June 2, 2008
June 19: Dill Air Controls added a bulletin to their website with instructions for inspecting valve stems.
ORLANDO, FLA — Safety advocates are urging motorists to inspect their valve stems for cracks and to check their tire pressure in the wake of one distributor’s recall of defective valve stems made in China by Shanghai Baolong Industries Co. and a federal probe into premature cracking prompted by a fatal rollover crash.
As many as 30 million replacement rubber valves stems, imported to the U.S. from China beginning in August 2006, can crack prematurely, causing tires to lose air. Air loss at highway speeds may result in a tire failure and loss-of-control crash. (The valve stem is a rubber tube with a metal valve used to inflate the tire with air.)
On November 11, Robert Monk of Orlando, Fla. died when the right rear tire of his 1998 Ford Explorer failed, triggering a rollover crash. The tire failure has been linked to a cracked a Dill TR413 valve stem manufactured by Topseal, a subsidiary of Shanghai Baolong Industries Co., Ltd for Dill Air Control Products, LLC. In March, the Monk family filed suit against Dill Air Control Products, alleging that the defective tire valve stem caused the crash.
“The Monk family wants to get the message out there to ensure that no one else is hurt,” said Attorney Richard Newsome, of the Newsome Law Firm in Orlando, Fla., who represents Robert Monk’s survivors.
Auto safety consultant Sean Kane advises any motorist who has had a tire replaced after July 2006, to immediately have their valves inspected for signs of cracking.
“Radial tires do not show signs of underinflation by a visual inspection until they are significantly underinflated, at which point the tire may have sustained irreparable damage. Motorists may not realize that they are driving on tires that are underinflated and overloaded,” Kane said. “The only way to tell if you have a valve stem made by this company is to dismount the tire from the wheel to examine it from the inside. Once they are out of the box, and on a vehicle there is no tracking for these products so you can’t notify owners. If you’re not checking tires pressure regularly, now is the time to get into the habit.”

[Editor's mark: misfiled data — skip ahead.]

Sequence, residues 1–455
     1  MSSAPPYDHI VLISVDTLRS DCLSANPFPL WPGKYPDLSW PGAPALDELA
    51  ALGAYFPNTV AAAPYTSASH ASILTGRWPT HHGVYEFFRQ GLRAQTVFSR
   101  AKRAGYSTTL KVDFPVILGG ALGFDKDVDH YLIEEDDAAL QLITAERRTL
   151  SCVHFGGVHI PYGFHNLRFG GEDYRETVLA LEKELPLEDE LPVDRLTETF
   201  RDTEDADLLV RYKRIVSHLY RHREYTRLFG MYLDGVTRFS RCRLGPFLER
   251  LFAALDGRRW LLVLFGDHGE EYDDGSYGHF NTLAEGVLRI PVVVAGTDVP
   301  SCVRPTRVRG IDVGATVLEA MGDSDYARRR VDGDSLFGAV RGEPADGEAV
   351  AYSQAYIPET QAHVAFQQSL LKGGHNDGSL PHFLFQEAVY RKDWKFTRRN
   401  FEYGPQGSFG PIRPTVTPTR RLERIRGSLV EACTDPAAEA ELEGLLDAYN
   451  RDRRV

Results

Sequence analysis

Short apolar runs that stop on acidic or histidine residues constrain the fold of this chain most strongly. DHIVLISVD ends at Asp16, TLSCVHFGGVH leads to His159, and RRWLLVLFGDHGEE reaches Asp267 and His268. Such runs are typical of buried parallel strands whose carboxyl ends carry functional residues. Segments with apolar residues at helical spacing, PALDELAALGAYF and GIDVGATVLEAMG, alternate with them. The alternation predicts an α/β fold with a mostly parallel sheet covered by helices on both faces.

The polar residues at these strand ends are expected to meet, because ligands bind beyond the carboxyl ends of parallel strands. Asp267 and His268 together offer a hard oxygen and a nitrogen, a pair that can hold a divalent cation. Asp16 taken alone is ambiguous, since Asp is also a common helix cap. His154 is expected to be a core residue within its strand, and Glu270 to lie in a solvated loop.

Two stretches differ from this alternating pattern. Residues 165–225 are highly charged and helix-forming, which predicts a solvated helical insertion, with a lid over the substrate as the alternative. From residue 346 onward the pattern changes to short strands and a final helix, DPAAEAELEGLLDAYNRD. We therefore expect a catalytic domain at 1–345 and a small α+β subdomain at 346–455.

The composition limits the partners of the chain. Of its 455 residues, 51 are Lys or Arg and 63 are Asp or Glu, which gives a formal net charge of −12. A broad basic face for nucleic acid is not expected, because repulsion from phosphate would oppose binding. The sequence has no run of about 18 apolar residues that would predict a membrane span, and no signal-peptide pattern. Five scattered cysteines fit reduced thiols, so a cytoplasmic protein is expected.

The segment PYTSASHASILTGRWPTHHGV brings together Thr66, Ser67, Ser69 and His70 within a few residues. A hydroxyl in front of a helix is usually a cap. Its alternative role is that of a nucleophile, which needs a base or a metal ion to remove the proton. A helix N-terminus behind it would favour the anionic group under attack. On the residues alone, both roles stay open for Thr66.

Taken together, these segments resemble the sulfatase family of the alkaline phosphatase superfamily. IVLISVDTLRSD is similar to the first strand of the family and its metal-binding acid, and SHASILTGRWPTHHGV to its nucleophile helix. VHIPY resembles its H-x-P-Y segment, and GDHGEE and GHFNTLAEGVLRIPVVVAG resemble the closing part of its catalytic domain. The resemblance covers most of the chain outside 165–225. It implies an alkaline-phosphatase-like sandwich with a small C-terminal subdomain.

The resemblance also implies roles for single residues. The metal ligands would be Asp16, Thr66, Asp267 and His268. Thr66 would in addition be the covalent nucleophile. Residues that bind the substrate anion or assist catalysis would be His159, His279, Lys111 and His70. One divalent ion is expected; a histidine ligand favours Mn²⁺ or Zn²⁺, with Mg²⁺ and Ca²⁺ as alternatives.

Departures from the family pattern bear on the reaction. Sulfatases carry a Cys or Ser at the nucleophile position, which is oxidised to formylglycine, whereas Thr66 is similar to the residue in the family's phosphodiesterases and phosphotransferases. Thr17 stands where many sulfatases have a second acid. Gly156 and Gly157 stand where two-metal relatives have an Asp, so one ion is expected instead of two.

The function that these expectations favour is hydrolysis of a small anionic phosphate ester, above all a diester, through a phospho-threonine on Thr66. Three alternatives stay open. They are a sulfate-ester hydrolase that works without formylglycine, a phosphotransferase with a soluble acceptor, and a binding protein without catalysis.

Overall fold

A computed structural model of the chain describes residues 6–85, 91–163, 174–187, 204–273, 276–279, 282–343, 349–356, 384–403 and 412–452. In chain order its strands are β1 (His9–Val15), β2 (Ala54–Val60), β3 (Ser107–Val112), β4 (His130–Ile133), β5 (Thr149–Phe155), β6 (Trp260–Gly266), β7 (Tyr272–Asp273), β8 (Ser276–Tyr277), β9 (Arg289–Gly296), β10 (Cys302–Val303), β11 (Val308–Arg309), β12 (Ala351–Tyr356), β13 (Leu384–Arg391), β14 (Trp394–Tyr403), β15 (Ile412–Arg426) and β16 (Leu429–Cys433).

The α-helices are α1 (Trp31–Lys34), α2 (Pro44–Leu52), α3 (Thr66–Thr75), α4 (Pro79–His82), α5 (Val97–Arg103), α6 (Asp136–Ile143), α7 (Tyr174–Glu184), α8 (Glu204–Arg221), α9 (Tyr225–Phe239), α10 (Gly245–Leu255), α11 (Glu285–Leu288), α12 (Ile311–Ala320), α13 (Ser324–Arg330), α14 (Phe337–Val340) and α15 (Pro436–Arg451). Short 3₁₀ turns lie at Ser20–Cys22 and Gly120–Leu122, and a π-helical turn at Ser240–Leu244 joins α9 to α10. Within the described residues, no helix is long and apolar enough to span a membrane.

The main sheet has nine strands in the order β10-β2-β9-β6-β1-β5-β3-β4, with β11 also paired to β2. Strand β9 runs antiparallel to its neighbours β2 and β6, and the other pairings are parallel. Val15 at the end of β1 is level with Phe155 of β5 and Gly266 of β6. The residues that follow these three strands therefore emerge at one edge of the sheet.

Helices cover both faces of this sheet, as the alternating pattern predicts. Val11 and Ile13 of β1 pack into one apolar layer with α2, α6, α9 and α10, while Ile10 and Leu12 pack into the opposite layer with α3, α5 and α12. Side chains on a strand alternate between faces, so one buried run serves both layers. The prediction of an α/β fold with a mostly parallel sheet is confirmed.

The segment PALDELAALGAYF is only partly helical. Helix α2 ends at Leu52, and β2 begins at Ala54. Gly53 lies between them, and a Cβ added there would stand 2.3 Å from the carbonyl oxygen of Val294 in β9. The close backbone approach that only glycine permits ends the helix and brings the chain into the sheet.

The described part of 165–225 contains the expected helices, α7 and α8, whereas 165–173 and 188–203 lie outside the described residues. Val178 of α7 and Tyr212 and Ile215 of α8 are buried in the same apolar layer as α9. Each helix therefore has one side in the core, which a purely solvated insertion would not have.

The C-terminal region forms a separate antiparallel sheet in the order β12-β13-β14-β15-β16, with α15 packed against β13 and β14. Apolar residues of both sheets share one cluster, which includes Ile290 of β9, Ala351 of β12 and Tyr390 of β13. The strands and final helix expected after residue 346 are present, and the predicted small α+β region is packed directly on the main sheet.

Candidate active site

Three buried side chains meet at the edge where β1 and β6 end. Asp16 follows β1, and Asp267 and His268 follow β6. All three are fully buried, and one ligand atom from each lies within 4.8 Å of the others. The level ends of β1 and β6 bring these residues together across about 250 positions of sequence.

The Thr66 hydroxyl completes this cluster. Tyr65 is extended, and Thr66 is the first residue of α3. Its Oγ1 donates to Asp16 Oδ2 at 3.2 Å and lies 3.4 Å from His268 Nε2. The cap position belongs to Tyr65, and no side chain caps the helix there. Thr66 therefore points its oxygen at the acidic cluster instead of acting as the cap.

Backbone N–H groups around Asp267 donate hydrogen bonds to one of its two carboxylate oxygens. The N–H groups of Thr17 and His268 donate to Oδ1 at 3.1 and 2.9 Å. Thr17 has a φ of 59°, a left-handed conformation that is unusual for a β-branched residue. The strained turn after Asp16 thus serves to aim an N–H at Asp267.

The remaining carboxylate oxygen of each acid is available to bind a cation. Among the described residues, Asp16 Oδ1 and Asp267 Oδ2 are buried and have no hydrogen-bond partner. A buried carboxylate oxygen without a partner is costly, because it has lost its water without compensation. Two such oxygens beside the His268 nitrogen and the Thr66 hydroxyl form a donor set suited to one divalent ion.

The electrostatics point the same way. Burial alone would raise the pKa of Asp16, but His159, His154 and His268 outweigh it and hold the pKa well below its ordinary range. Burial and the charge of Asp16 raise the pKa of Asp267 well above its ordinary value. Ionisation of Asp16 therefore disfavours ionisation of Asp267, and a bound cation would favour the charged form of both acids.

In April, after receiving notice of the Monk crash, Dill officials met with the National Highway Traffic Safety Administration to discuss the problem. On May 2, Dill sent a Technical Bulletin to major tire retailers advising them that the company had received complaints of surface cracks appearing on the outside of the rubber near the rim hole in several models: TR 413, TR 413 chrome, TR 414, and TR 418 Dill ACP valve stems. “When the rubber is exposed to high levels of ozone as it is being stressed, surface cracks can appear. High speeds and an unsupportive rim profile allow the rubber valve to flex at a greater angle and may cause these cracks to propagate, leading to a slow leak of air,” the bulletin said.
Dill officials told NHTSA that valves, manufactured from July 2006 to November 2006, may leak from cracks caused by ozone exposure. NHTSA opened a formal investigation on May 15.
On June 2, Tech International, a distributor of Shanghai Baolong-made replacement tire valve stems, announced a recall of 6 million TR413 valve stems, offering free replacements and compensation for any tire damage caused by the defective part. According to their recall letter “Tech International does not know the identity of any end-users of the TR413 valves and has no realistic method of determining the identity of such individuals. Furthermore, there is no realistic method for Tech International to identify the production dates of any specific TR413 valves.”
The problem, says Kane, is that the parts are untraceable once they are fitted to vehicles and worse, these companies haven’t alerted the public of impending danger. Dill Air Control Products, LLC located in North Carolina, has only notified its customers to inspect their inventory for the suspect lots and recommended “out of an abundance of caution” that tire retailers inspect the valve stems on vehicles that received replacements between September 2006 and June 2007 if they return for service.
“It’s not an abundance of caution to wait for customers to return to retailers to inspect for defective valves” Newsome says. “An abundance of caution would have Dill alerting the public who bought tires after August 2006 that they need to have their valves inspected and to pay close attention to tire inflation pressure to prevent further tragedies.”
Motorists should report valve stem failures to the National Highway Traffic Safety Administration http://www-odi.nhtsa.dot.gov/ivoq/ or 888-327-4236.